Let me quickly start this by saying that regardless of why it is hard, it really just is HARD TO ASK FOR HELP.
There is some unwritten and unspoken rule of motherhood; if you are fertile enough to get pregnant, or have chosen to adopt, you are capable — no — wired to be able to parent successfully. Intuitively. Independently.
But some smart woman finally admitted that pregnancy, and parenting, wasn’t all it was cracked up to be. It isn’t easy, and often times it is less than intuitive. Not to mention who can do it alone?
You’ve heard all of the pregnancy myths, right? That pregnancy is supposed to be magical, amazing, and beautiful and you should “feel” like a mom. Who had that? I felt tired, sick, worried about miscarriage (I did miscarry before Nick’s pregnancy, but that is an entirely different post), hormonal as hell (had to take progesterone to avoid miscarriage) and downright uncomfortable.
What about the myths about husbands? Like the myth that your husband is supposed to be straight out of a movie, where he is serving you hand over fist to make sure you don’t lift anything too heavy or aren’t allowed to drive too far for fear of early delivery on the road. Oh! Or that he is going to be hand feeding you scoops of chocolate chip cookie dough ice cream at all hours of the night and graciously smile through every hormonal up and down. Yeah. Right.
What really happens is that your husband is just as confused as you are because all of those hormones have changed your personality completely (and not for the better), and all he can hope for is that at some point it changes back. Otherwise, this blessed event will be a catalyst for a divorce. And let me assure you, there was no spoon-fed-cookie-dough-ice-cream at my house. *sigh*
And no one actually explains to you that men are not particularly attached to the baby until it is born. Sure they love the idea that they are becoming a dad (some do at least!), but they are not experiencing the grand “magical” baby feelings we are (no hormones or feeling the baby move). Some men are super attached, sure, but speaking for our family – my black-and-white thinking husband didn’t have the magical daddy feelings until our children were born. And I think that is more common than we know.
There are also the trips to the doctor, over and over again, where they tell you for the umpteenth time, to strip from the waist down, and lay in the stirrups—a ritual so “natural and intuitive” that each time we do it, we hide our underwear beneath our perfectly folded jeans, which we have neatly arranged on the only chair in the room. Who can explain that? Are we trying to trick our OB/GYN into believing we don’t wear underwear? Really? And our bra, that could be used to power a sailboat for a small child, we fold that up into a tiny little package and neatly place it with our underwear. Again, in the hopes, apparently, that our doctor will think we don’t need a bra. That’s super intuitive.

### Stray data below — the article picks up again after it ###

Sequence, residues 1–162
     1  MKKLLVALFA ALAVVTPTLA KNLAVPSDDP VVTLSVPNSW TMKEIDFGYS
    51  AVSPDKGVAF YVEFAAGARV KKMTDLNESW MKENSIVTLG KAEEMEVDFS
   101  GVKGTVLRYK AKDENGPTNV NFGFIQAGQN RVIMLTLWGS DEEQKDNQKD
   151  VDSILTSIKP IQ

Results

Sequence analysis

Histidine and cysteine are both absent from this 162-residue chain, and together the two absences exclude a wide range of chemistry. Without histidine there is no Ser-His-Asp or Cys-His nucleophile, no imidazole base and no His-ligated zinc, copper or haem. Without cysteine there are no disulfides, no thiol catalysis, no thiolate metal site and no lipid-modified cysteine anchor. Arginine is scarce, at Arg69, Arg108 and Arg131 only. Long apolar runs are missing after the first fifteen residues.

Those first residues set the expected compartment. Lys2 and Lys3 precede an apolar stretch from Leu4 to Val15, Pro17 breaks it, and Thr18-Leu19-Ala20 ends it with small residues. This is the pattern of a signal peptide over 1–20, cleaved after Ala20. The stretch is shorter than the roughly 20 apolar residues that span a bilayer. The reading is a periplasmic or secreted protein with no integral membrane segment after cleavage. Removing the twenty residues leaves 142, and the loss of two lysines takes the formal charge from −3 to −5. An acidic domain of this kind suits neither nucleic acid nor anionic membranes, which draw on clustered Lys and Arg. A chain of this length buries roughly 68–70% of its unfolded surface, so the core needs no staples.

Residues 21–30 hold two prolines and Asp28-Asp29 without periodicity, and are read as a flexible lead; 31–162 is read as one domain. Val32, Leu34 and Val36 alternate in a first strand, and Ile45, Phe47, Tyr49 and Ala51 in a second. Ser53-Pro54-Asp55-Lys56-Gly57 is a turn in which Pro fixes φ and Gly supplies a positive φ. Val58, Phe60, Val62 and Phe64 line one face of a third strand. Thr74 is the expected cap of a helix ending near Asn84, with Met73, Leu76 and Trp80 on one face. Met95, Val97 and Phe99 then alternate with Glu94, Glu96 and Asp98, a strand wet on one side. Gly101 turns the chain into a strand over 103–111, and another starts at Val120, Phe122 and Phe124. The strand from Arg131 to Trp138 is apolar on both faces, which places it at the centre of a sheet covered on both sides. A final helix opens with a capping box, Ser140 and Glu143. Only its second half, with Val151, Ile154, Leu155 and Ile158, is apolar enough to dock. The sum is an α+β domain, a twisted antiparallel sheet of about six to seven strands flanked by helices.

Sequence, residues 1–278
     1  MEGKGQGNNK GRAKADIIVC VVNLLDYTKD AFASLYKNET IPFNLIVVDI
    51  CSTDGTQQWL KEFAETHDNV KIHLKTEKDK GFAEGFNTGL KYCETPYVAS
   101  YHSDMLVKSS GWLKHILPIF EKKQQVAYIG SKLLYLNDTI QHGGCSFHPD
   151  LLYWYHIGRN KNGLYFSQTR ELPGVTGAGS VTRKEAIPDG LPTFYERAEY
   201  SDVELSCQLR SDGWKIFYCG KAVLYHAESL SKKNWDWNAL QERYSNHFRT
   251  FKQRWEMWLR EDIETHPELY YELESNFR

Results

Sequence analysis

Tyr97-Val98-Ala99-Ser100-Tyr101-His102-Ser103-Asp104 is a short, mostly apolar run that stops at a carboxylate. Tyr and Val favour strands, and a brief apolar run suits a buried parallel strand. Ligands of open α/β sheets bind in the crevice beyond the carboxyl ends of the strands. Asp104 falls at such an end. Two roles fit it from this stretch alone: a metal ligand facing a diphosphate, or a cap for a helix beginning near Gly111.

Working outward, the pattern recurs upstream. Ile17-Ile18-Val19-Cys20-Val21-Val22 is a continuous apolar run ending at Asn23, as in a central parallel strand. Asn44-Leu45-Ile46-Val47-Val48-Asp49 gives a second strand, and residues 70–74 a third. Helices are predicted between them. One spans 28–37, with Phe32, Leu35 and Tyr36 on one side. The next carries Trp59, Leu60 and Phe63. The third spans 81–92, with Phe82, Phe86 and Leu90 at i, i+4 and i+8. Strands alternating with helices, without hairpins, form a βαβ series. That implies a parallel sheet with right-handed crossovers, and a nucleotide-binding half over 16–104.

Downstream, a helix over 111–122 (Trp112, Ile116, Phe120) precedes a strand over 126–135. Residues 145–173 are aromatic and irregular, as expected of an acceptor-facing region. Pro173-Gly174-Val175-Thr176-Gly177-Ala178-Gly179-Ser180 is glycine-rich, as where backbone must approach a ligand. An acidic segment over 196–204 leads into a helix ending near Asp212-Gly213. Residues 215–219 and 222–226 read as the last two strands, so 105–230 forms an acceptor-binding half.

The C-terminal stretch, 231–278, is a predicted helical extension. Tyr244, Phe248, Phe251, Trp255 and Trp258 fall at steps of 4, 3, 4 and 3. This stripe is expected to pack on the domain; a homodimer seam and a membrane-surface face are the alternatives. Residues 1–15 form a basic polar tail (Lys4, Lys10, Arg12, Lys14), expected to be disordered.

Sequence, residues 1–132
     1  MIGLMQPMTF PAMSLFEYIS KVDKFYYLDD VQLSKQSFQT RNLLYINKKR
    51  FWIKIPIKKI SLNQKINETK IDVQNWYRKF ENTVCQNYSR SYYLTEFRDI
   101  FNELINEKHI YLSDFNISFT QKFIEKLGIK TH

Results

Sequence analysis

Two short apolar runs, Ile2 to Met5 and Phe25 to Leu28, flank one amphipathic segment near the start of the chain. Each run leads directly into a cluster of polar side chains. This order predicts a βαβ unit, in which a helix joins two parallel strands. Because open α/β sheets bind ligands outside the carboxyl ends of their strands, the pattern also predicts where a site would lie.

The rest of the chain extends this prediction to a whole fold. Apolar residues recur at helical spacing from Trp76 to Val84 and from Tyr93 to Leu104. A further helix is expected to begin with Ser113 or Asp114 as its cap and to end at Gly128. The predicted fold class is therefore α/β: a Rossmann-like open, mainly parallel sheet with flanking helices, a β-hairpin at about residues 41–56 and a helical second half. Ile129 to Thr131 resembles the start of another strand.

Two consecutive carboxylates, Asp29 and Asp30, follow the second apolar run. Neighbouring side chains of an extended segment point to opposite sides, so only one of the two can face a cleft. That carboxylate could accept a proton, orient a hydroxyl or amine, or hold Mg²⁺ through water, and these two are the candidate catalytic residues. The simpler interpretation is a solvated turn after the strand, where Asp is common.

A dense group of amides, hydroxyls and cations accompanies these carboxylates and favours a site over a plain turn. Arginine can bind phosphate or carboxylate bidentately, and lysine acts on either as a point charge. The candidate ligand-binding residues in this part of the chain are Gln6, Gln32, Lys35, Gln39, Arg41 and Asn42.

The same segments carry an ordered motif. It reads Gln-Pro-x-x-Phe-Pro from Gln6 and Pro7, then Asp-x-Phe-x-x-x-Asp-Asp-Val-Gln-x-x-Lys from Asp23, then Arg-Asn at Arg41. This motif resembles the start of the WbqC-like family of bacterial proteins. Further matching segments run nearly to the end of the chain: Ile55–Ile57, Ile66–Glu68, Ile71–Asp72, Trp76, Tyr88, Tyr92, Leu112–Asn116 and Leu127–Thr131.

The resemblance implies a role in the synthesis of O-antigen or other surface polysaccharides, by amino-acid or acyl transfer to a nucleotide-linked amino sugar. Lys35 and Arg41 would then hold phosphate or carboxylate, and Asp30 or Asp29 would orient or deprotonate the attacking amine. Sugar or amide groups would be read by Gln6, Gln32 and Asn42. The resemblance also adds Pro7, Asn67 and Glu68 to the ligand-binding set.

Then we are supposed to feel natural about the “vaginal ultrasound” (I am so not even going into this one…), which, at least, has the benefit of allowing us to hear the wondrous sound of our baby (which truly is awesome). And when we hear that sound for the first time, we have a moment where we do feel like this is natural and intuitive—or at least we feel totally emotionally connected. Perhaps we confuse them to be the same.
Fast forward to baby delivery, mine via C-section, and I will skip most of the details, because if I get started on my stark naked, ginormous and fully sedated pregnant body being lifted onto a table which I watched happen live via the OVERHEAD mirror in the operating room, I may just have a panic attack.
Once the puking is over, and the knock-out medications are leaving my body, I am in a beautiful room in a gorgeous hospital nursing my apparently starving baby with no milk in yet. But damn that kid was hungry, so I tried.
People come in and out of the room; nurses, assistant nurses, lactation consultants, doctors, and more. Almost all of them takes a turn grabbing breast(s) and shoving them into my son’s mouth. One even follows me into the bathroom to check on me (seriously?). This is lovely, but not intuitive. Yet no one is phased; everyone seems to think this is the way it goes and within a few short days, we are headed home. Who am I to argue?
Maybe, to some extent, that is true. But you also have places like Babies R Us, your neighbors and your mom who can give you tons of (mostly) unsolicited advice on what to do, what to buy, where to go, and how to do it all. Don’t tell me you didn’t have people telling which brand of wipes to buy! That happened to me, and I am happy to pass along that tid bit of info to anyone who is interested. But that’s not the hard part, is it?
What happens when intuitively, there is something different about your child?
I thought in honor of Father’s Day, I would give all of the special needs fathers our there a gift. I am giving their wives some advice they could NEVER get away with saying themselves – a